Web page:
Thanks for looking, and long live FILM.

Lovely and Adorable

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The Scowl as a Fashion Accessory

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It’s Chinatown, Jake…

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Great article on LA’s Chinatown and the decline and changes that have occurred there in the last two decades. Read it here.

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Inked Up

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Hollywood Jewels: Part 1

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Fast glass in fading light…

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Sunset Blvd

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Dilapidated mansion on Sunset in Beverly Hills. Just like that one in the movie. Seemingly abandoned. But who knows? Maybe there’s a monkey playing the organ in there.

Pretty Shabby Chic: Fashion’s Night Out 2011 in Beverly Hills

Reposting an old entry from last year for all my new beauty and fashion followers.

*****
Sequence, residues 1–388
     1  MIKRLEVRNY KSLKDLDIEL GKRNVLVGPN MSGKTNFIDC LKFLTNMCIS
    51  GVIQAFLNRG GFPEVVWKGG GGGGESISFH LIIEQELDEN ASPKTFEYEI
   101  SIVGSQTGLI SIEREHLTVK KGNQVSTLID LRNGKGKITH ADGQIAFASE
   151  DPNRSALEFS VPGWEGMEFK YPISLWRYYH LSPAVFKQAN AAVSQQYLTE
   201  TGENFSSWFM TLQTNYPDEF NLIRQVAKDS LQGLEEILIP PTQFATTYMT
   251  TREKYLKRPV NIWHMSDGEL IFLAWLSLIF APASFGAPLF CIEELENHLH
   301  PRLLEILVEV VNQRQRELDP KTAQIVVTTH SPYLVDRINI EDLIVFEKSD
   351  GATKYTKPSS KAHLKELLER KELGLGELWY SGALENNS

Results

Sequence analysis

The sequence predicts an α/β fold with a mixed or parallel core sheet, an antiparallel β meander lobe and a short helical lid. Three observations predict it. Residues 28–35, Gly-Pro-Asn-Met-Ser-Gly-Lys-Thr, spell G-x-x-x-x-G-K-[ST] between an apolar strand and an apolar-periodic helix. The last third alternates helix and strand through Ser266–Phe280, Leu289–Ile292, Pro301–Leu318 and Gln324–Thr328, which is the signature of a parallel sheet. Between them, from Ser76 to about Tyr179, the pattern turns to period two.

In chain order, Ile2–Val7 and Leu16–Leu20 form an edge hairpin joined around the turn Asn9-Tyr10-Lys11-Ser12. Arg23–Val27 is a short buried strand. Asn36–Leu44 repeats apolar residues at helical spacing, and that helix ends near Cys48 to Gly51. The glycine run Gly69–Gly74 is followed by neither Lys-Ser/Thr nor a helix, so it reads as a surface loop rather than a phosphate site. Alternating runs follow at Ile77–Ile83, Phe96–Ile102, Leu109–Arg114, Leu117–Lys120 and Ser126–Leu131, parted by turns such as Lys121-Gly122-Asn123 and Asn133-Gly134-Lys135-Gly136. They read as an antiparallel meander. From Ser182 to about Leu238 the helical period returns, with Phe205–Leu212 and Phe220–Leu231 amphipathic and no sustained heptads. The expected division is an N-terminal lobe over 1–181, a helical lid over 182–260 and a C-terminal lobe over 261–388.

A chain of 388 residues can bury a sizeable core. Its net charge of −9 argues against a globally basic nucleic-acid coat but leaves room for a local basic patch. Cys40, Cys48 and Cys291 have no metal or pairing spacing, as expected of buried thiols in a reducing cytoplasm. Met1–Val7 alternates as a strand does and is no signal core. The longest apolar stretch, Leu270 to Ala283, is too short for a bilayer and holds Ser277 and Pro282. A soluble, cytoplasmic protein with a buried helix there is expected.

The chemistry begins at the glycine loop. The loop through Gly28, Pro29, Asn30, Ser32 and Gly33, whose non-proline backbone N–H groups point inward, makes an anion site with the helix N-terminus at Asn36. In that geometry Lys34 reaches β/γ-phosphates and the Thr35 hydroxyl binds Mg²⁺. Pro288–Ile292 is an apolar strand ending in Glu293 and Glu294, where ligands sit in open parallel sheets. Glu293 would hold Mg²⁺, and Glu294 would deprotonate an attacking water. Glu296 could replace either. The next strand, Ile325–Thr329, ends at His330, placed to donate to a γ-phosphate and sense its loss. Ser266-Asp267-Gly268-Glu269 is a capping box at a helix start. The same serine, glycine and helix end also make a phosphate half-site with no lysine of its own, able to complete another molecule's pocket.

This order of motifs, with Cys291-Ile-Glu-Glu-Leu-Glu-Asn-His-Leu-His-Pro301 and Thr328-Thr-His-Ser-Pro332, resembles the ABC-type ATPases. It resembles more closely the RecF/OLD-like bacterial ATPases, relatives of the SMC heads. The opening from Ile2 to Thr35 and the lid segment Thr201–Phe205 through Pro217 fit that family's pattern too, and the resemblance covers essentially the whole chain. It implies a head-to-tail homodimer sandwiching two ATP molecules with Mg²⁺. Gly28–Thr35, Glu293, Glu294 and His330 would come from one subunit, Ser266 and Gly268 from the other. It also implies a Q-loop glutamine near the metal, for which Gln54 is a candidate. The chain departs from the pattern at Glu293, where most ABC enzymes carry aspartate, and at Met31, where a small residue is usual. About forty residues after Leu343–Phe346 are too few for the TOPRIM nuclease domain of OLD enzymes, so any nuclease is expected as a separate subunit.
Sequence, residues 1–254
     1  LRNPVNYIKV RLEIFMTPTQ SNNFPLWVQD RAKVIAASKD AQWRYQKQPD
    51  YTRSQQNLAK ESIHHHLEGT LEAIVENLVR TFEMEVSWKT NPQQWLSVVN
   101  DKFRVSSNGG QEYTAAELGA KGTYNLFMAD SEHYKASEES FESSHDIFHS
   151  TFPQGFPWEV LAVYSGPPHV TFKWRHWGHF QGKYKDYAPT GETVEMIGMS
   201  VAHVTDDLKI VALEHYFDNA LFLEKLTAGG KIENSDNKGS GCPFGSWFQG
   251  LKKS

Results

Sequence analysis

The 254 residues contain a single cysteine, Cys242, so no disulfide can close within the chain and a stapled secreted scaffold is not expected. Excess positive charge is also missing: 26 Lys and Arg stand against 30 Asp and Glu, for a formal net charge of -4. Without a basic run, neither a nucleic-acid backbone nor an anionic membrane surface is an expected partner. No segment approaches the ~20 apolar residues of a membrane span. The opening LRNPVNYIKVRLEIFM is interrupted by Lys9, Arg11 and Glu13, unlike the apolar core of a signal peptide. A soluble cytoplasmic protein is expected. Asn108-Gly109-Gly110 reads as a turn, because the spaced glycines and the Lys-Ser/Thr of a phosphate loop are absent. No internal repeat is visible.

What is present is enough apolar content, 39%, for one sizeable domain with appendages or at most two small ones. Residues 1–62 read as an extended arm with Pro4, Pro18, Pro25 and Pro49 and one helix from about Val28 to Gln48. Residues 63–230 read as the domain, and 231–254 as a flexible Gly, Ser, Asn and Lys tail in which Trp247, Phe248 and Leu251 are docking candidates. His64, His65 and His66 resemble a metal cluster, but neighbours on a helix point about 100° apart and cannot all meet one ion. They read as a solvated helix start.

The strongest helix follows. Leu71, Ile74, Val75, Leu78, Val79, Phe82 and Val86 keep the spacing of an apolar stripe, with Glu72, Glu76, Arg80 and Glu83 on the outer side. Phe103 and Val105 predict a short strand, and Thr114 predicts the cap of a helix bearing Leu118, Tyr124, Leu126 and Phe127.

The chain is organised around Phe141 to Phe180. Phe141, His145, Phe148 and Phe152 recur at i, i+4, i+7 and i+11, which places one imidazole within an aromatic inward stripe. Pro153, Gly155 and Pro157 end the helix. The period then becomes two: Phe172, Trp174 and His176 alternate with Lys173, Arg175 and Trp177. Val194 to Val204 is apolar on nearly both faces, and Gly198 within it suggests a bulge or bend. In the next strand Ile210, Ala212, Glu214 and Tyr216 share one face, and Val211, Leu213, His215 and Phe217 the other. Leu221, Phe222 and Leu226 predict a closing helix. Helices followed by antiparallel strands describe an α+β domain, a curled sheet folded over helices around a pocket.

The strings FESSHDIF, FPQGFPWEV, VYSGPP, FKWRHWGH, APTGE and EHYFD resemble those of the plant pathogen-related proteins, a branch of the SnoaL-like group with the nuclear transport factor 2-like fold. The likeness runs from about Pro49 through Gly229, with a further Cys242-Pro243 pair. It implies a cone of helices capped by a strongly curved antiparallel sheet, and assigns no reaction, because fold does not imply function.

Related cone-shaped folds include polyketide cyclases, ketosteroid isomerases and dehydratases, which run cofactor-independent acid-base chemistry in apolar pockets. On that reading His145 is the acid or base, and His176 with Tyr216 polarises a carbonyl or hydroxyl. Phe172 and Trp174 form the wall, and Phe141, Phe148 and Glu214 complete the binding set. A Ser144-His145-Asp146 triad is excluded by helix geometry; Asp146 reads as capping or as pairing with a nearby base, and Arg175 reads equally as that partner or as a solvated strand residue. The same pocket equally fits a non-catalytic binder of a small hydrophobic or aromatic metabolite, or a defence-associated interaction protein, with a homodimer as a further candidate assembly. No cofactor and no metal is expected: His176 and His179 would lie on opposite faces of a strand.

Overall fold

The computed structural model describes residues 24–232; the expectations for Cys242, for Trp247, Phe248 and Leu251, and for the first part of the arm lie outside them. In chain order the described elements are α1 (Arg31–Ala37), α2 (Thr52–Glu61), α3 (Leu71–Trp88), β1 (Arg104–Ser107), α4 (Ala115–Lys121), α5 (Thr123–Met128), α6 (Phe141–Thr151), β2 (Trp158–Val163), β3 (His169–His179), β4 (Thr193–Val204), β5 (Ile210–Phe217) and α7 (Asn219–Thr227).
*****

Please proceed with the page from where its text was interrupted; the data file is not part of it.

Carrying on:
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Getting back to some Leica photography. The date has been announced for the annual Fashion’s Night Out 2012 and it is September 6th.

Sooo… this entry today here at 50lux.com has a triple purpose.

First, I would like to give Leica and other lowlight shooters a heads-up to the coming FNO extravaganza, Vogue Magazine’s world-wide phenomena and to let you all know that this very impressive event is probably coming to a city somewhere near you.

It’s an incredible opportunity to get out and photograph great style and beauty and all in the vibrant colors and exact low-light conditions where our super-fast Leica glass really shows its stuff.

Second, of course, I want to showcase my own humble efforts in that regard from last year. All the images you see here were shot on film, with my trusty M7. Mostly with a Zeiss 50mm Sonnar f1.5 mounted, but there’s more…

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Liquid and Cool

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Tonight is Fashion’s Night Out 2012 in Beverly Hills

I’ll be there shooting 400 and 800 speed color film. Hope to have a lot of great images in a few days. Here are a couple from last year’s event.

Slivers of Quirk and Light